For the calculation of the reverse leakage current, two effects on the shape of the Schottky barrier potential should be considered: image-force lowering (IFL) and doping effects, as illustrated schematically in Figs. 1(a) and 1(b), respectively. With both effects included, the potential energy distribution of the Schottky barrier under a surface electric field E is given by
where is the barrier height, is the net doping concentration, and = 10 is the dielectric constant of β-Ga2O3.28 Here, the Fermi-level energy in metal () is taken as the zero-energy level, as shown in Fig. 1(a). Due to the presence of IFL, the barrier is lowered by , i.e., . Assuming a transmission probability of unity for electrons with an energy higher than , is given by the familiar expression,
where is the Richardson constant.
On the other hand, including both IFL and doping effects in the calculation of the barrier tunneling current is analytically intractable, and thus, we developed a numerical approach, as presented in our previous work.20 To obtain solely the barrier tunneling current, the upper limit of the integration in Ref. 20 should be changed to , i.e.,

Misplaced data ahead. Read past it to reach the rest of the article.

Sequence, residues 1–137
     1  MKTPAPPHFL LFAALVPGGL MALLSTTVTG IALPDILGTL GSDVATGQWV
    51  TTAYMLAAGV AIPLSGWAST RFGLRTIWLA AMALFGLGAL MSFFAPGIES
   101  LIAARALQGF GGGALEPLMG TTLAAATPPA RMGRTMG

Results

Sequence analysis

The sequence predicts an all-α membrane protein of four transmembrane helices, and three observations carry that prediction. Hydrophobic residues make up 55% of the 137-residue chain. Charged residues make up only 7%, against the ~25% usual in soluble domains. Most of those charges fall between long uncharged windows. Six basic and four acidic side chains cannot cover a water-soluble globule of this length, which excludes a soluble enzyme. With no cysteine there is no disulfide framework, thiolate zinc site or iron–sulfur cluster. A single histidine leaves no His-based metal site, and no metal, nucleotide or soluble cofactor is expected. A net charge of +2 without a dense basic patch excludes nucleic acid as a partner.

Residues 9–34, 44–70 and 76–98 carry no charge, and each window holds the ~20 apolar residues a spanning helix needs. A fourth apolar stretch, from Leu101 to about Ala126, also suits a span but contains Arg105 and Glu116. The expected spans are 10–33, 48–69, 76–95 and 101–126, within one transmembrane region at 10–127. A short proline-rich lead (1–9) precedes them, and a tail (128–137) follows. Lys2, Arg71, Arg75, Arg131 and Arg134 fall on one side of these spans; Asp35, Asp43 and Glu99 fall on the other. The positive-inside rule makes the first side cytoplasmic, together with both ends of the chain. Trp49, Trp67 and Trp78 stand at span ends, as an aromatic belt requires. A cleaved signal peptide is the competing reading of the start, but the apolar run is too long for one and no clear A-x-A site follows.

where is the transmission probability, whose expression is given in Ref. 20. A single effective mass is adopted for both the Richardson constant and the tunneling effective mass in due to the single-valley and near-isotropic nature of the conduction band in β-Ga2O3.29,30
Figure 1 shows the calculated JR,tot using the numerical model and its constituent components (JTE, JBT). Here, we have temporality neglected the doping effect to compare with the analytical TE and TFE models derived by Murphy and Good,22 which consider only the IFL. It can be seen that the calculated JR,tot from our numerical model agrees well with Murphy and Good's models within their respective applicable ranges, indicating that our numerical method is valid. It is worth noting that Murphy and Good's TE model actually includes both the TE and BT currents despite what the name suggests, and thus, it comes as no surprise that a match with JR,tot is observed, rather than with JTE.